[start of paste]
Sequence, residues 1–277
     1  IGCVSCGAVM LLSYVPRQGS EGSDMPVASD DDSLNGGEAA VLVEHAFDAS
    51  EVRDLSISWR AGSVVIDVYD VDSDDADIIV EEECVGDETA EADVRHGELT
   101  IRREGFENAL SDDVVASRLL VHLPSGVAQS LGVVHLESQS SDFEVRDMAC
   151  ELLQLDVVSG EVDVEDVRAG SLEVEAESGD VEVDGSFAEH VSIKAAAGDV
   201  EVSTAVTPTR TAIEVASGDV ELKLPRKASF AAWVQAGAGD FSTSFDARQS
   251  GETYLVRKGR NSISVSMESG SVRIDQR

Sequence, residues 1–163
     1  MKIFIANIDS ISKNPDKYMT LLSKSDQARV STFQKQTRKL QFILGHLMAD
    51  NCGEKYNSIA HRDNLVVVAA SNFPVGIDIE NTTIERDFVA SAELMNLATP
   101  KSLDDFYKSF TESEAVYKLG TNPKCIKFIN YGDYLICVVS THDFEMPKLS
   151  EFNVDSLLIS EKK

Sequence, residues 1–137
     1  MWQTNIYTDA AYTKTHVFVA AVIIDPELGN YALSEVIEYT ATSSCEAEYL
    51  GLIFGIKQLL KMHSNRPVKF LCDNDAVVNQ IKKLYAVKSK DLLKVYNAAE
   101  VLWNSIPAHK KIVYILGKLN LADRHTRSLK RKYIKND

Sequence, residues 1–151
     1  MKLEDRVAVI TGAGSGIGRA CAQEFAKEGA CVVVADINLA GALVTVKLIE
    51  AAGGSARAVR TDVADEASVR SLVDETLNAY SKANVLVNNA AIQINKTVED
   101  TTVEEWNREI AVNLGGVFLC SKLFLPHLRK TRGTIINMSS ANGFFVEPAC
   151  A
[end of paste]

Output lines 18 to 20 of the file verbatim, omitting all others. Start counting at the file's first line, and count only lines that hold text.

     1  MKLEDRVAVI TGAGSGIGRA CAQEFAKEGA CVVVADINLA GALVTVKLIE
    51  AAGGSARAVR TDVADEASVR SLVDETLNAY SKANVLVNNA AIQINKTVED
   101  TTVEEWNREI AVNLGGVFLC SKLFLPHLRK TRGTIINMSS ANGFFVEPAC